President Barack Obama joined with world leaders Sunday to commit to the 2030 Agenda for Sustainable Development. The adoption of the framework, announced at the United Nations General Assembly, means the U.S. will join other nations to eradicate extreme poverty and adopt sustainable policies with long-term impact.

Over the next 15 years, the agenda aims to eradicate poverty and hunger, protect the environment, promote human rights and gender equality, empower women, strive for peaceful and inclusive societies and fight against inequalities. It is the culmination of two years of consultation and development.

"We suffer no illusions of the challenges ahead, but we understand this is something that we must commit ourselves to," Obama said in a speech to the assembly. "In doing so, we recognize that our most basic bond -- our common humanity -- compels us to act. An impoverished child in a distant slum or a neighborhood not that far from here is just as equal, just as worthy, as any of our children, as any of us, as any head of government or leader in this great hall."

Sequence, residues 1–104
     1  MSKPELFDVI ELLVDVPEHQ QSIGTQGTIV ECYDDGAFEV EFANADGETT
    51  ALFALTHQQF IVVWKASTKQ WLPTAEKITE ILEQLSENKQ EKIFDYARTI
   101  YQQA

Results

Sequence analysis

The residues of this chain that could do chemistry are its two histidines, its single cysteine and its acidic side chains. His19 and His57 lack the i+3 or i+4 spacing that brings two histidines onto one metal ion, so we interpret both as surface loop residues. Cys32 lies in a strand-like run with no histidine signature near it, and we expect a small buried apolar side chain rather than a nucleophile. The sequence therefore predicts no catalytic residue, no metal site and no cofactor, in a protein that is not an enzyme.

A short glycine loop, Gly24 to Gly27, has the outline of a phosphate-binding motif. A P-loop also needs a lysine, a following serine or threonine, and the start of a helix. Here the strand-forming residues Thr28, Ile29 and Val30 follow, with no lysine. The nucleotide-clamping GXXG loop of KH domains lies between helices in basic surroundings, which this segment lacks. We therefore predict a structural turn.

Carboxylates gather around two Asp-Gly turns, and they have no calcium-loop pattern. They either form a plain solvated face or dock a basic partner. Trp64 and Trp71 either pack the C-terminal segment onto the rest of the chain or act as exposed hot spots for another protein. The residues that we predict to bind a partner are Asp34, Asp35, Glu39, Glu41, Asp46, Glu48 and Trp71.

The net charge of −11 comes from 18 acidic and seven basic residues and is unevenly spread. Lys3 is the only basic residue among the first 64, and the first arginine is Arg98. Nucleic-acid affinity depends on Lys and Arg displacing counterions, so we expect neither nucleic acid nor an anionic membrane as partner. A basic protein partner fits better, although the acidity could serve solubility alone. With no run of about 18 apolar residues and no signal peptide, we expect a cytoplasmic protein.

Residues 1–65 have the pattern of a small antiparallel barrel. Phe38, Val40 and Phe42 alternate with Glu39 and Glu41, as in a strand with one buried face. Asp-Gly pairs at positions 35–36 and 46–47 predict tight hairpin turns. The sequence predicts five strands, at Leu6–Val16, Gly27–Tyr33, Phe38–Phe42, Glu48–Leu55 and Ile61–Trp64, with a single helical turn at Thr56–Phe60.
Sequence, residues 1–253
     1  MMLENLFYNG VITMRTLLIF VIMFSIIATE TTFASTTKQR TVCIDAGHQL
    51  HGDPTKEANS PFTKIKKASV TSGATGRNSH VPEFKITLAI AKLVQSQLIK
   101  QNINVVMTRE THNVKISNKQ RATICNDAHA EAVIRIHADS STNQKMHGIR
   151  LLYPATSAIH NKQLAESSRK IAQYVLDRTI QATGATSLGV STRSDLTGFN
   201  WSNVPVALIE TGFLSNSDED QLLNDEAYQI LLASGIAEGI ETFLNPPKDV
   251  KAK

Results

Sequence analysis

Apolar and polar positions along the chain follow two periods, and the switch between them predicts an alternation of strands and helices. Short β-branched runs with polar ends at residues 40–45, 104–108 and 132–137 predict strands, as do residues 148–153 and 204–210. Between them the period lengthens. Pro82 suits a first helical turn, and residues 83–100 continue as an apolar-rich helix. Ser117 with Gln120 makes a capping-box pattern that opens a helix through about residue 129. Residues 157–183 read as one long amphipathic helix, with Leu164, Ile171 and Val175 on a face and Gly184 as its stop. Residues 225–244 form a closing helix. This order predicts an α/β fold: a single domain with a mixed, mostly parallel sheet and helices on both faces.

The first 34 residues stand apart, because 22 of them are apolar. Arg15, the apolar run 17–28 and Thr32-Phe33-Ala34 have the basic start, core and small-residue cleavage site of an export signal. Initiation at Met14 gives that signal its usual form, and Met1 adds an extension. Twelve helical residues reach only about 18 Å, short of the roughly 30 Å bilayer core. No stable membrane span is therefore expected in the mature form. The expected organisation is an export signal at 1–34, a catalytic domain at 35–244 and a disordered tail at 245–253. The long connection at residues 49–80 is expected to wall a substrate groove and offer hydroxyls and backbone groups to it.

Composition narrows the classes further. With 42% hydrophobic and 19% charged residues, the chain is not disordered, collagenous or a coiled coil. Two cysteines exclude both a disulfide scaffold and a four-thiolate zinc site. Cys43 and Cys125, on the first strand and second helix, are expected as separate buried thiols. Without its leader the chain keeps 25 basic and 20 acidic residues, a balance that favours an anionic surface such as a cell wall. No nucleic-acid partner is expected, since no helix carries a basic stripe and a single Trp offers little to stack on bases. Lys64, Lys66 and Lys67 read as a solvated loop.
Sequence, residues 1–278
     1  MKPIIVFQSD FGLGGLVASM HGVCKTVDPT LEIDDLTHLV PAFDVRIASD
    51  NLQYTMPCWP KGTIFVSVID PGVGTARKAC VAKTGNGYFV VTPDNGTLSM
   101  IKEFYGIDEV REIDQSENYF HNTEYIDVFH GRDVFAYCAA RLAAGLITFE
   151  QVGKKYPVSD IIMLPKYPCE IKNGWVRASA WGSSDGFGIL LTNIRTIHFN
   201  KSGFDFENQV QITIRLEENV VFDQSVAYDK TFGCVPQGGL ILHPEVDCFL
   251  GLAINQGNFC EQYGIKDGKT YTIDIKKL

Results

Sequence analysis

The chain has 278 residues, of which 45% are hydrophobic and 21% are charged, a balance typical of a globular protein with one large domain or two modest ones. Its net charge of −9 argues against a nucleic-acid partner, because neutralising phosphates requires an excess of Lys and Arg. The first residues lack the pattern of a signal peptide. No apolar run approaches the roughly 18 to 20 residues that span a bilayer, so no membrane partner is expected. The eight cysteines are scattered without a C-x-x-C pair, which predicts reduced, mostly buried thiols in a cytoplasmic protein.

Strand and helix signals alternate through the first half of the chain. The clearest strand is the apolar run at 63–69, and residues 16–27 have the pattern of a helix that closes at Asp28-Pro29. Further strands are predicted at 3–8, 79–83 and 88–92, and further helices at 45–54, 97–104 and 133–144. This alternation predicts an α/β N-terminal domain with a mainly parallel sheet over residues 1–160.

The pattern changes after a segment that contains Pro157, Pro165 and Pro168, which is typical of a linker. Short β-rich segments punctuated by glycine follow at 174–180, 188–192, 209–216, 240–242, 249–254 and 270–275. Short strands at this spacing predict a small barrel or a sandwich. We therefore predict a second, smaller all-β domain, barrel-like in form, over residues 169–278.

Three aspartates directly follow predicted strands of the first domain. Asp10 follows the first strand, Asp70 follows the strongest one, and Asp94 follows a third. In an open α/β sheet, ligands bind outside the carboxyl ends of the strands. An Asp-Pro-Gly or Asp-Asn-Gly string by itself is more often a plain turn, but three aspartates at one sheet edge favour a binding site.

He announced new targets for the U.S. President’s Emergency Plan for AIDS Relief, aiming to reach nearly 13 million people by 2017 with HIV/AIDS treatment and achieve a 40 percent decrease of incidence among girls and young women in the most highly burdened areas of 10 African countries.

The United States also joined members of the Open Government Partnership steering committee in signing a declaration on the importance of open government in achieving the agenda's goals. The declaration highlights the need for transparency, citizen participation, information availability, accountability and access to justice.

The announcement came in the same week as International Peace Day, which was declared by the U.N. to remind the world of the importance of peace. In his speech, Obama highlighted war as one of the major obstacles to achieving the 2030 agenda. "It is no coincidence that half of the people living in extreme poverty around the world live in places afflicted by chronic violence and conflict," he said.